Dan Rather is back to defending the story that essentially got him fired from network television by claiming that the documents he presented in 2004 as proof that George W. Bush went AWOL from the Texas Air National Guard have never been proven to be forgeries.
On February 7, Dan Rather hosted a Q&A on reddit.com where he took questions from reddit users. The session was a lively discussion and many questions were asked of the one-time anchor of CBS Evening News. One question focused on the story that essentially led to the end of the anchor’s career on network TV: the Bush National Guard story also known as Rather Gate.
Rather was asked if his AWOL story was true despite the “beating” he took over it.
In response, the newsman reiterated his long-time claim that his story was 100% true saying, “no one had ever established that the documents were forged.”
number 1 – the facts of case are not in dispute. Number 2 – no one had ever established that the documents were forged (those who attack them argued that we didn’t do enough to demonstrate that they were not forged) The whole documents argument was a camouflage – what was described in the documents was factual. As for the trap argument — could have been, might have been but nobody has ever proven that. What I know, all I know, is we reported a true story. Whatever you think of the documents, facts are facts. Fact #1 – a young George Bush was put into a “champagne unit” of the Air National Guard through the influence of his father to ensure he wouldn’t have to go to Vietnam. Fact #2 – once in this “champagne unit” the young George Bush did reasonably well for awhile and then he disappeared – he just took off. No accountability. He was absent without leave for a very long time. Fact #3 – he never completed his obligation the length of service. He got out well before his time was up.
One reddit of the users that replied to debunk Rather’s claim that the documents were never proven to be forgeries was Thomas Phinney, a typography expert who has for sometime held that the documents are, indeed, fake.
Phinny points out that he’s offered a $1,000 reward to anyone that can disprove his proof that the documents were forged but no one has ever taken him up on the bounty.
I am on the left wing of the political spectrum, and I am also a typography expert who was quoted twice in the Washington Post about the memos, and approached by ABC News to get my opinion on the topic. TL;DR: they were blatant forgeries.
Perhaps Bush did evade his duties and the contents of the memos were essentially accurate. But the memos used by CBS could not have been produced in the 1970s without a professional typesetting shop.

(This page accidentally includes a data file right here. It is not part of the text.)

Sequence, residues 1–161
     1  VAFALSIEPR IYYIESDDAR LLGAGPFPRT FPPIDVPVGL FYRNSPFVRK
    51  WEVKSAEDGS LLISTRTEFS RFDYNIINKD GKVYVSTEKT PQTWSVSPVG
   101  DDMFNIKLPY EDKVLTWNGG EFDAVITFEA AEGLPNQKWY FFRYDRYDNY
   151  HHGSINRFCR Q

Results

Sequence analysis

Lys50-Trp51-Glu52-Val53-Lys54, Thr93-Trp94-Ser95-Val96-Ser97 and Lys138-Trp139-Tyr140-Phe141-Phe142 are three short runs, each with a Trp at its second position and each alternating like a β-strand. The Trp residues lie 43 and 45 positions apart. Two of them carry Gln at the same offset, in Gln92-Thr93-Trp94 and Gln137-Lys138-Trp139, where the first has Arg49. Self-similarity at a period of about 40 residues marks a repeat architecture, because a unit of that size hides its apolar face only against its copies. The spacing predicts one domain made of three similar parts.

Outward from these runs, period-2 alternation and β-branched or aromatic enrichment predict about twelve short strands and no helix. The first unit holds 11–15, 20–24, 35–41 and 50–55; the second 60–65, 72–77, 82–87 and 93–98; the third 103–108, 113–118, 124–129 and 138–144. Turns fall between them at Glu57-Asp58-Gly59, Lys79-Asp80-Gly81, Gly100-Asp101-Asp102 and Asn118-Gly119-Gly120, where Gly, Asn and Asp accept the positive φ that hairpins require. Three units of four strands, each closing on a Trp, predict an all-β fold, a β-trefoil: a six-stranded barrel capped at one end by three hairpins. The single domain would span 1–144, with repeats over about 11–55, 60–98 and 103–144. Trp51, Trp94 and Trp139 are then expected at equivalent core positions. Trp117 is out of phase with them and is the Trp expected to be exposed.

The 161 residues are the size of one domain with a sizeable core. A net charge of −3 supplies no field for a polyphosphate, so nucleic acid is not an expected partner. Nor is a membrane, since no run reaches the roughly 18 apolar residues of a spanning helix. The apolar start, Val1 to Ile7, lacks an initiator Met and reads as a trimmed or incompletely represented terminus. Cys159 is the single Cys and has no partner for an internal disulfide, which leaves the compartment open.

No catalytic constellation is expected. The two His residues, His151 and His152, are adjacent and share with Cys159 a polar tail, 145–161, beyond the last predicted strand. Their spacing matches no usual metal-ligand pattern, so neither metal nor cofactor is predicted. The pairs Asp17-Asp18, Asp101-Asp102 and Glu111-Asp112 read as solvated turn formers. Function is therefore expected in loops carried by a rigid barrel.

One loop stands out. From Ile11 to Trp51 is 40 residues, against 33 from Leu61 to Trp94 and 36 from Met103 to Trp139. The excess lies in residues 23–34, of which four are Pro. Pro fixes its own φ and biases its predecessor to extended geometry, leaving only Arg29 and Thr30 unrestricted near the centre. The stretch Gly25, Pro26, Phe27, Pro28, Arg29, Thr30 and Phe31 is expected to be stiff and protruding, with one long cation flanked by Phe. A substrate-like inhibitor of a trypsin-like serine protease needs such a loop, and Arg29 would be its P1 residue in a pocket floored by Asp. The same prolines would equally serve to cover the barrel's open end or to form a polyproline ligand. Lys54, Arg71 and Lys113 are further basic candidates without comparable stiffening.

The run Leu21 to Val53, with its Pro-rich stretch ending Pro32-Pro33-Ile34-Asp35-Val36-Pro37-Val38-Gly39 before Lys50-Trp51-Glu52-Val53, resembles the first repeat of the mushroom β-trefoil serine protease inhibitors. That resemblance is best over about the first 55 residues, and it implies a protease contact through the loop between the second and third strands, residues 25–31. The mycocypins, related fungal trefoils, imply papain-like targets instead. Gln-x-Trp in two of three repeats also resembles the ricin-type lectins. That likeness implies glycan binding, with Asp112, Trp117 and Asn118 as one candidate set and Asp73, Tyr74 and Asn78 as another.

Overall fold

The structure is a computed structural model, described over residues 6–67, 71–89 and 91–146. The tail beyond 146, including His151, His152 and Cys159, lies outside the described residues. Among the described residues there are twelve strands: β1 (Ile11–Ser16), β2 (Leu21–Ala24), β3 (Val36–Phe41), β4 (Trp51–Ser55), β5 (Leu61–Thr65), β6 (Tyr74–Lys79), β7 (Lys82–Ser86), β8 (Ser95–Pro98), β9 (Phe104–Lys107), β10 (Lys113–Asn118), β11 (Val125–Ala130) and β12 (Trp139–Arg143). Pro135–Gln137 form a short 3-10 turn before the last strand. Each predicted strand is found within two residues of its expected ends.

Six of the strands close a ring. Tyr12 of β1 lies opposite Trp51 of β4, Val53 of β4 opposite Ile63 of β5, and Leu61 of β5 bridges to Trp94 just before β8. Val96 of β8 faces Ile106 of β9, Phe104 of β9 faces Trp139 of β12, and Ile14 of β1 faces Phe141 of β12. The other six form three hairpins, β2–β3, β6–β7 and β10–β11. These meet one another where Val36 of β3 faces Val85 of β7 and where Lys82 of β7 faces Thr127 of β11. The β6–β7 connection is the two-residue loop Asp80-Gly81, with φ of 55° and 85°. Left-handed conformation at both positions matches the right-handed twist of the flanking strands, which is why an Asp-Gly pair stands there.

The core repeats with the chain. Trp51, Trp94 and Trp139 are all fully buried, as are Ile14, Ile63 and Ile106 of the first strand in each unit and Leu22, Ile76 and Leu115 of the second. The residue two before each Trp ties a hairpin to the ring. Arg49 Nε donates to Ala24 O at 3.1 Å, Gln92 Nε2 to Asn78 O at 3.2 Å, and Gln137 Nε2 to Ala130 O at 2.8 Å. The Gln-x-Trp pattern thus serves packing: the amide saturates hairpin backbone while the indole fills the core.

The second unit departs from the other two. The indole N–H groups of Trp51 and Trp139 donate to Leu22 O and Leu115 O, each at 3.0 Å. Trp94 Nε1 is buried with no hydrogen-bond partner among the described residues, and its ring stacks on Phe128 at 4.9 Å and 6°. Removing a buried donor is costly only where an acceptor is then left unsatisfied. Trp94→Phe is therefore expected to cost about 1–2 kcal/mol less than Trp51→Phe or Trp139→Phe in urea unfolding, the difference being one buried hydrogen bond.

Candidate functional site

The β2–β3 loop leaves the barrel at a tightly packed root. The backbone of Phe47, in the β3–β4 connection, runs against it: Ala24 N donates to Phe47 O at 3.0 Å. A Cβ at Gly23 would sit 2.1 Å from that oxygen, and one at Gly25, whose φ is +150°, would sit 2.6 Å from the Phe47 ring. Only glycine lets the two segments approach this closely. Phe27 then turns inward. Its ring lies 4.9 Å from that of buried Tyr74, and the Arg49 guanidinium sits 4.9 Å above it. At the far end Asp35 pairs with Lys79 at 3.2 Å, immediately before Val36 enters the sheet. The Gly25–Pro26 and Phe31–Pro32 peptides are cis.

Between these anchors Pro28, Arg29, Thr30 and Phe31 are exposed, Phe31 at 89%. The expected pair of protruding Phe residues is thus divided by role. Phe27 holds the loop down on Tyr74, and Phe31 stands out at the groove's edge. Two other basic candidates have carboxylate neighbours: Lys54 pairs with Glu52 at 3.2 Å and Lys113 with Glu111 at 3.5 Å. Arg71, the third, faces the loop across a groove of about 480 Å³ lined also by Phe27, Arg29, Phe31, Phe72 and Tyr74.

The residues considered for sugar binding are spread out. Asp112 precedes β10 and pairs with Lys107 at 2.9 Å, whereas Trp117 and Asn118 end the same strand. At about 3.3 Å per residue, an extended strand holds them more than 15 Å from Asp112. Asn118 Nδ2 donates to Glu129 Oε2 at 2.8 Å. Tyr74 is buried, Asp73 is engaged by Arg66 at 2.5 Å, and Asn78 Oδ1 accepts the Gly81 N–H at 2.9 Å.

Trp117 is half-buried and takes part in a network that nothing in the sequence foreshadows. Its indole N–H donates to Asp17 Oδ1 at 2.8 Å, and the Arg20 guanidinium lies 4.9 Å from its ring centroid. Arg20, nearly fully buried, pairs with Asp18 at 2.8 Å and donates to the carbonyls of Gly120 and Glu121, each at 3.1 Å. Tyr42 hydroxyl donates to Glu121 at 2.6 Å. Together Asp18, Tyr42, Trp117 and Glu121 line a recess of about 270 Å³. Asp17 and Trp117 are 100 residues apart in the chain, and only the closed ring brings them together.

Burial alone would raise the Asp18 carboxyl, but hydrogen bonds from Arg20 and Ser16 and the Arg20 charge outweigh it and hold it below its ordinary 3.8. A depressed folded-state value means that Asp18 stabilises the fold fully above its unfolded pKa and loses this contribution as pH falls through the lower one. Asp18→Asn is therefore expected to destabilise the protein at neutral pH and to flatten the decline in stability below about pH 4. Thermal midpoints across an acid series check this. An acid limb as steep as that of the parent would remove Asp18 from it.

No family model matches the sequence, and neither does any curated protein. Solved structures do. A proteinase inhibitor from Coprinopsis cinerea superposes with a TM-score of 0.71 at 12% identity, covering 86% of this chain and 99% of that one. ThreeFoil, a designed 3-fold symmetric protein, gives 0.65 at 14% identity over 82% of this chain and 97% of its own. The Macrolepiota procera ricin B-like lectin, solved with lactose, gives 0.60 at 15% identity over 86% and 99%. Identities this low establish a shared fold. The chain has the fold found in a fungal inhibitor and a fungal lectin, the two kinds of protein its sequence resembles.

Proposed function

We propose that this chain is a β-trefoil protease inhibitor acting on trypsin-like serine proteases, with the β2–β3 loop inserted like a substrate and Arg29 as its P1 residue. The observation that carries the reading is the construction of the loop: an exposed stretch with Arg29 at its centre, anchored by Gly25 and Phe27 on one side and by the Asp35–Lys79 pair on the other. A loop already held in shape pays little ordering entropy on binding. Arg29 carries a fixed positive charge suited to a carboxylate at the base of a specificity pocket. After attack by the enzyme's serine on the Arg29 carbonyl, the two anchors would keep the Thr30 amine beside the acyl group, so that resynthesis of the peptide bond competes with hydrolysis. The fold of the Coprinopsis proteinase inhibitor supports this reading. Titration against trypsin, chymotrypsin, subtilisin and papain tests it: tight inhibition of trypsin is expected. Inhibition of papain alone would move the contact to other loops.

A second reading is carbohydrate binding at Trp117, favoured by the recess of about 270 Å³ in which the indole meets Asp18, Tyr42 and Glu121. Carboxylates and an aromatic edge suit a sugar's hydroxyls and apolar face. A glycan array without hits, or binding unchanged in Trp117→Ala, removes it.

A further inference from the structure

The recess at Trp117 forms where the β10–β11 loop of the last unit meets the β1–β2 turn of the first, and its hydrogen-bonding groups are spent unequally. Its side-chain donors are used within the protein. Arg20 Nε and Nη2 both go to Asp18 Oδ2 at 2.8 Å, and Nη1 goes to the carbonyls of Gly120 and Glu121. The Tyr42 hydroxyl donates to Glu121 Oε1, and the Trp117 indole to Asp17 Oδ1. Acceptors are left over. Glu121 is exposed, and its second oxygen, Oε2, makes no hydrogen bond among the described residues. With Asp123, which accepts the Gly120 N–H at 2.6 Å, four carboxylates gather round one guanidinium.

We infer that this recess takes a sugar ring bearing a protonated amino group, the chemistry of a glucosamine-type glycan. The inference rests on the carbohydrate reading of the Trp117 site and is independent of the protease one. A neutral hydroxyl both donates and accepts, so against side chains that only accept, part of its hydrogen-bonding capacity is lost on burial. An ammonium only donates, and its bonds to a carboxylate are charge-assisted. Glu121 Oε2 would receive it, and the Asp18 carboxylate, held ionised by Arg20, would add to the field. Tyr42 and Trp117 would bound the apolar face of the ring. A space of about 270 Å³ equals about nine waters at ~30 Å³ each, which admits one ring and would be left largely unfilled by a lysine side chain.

The assertion that all the attacks on the Bush National Guard story were “partisan political” attacks is nonsense. I voted against Bush in both elections, and I donated money to his opponents. But that doesn’t change my assertion that the memos were clear forgeries. None of the hundreds of typographers who have come to one of my presentations has even tried to collect the $1000 reward I have repeatedly offered to anybody who can produce a device, available in 1972, that could have produced those memos. (The Selectric Composer and the IBM Executive typewriter are not plausible candidates, btw.)
Many other reddit users criticized Rather for the original story and for his continued insistence that his story was factually correct, fake documents or no.
Rather did not reply again to the thread on the fake documents question and instead went on to reply to other users on other topics.
For those a little hazy on the original September 8, 2004 story, Rather and his news producers presented documents they claimed “proved” that George W. Bush went AWOL from the Guard back in the 1970s. It wasn’t long before the veracity of the documents became an issue as typography experts began to realize that the lettering used on the documents would not have been used on documents in the 1970s.
As we see on reddit.com, to this day Rather maintains that the documents were not forged and that his “facts were right” regardless. His insistence gave rise to the saying “fake but accurate,” a saying so many conservatives use to zing liberal newsmakers.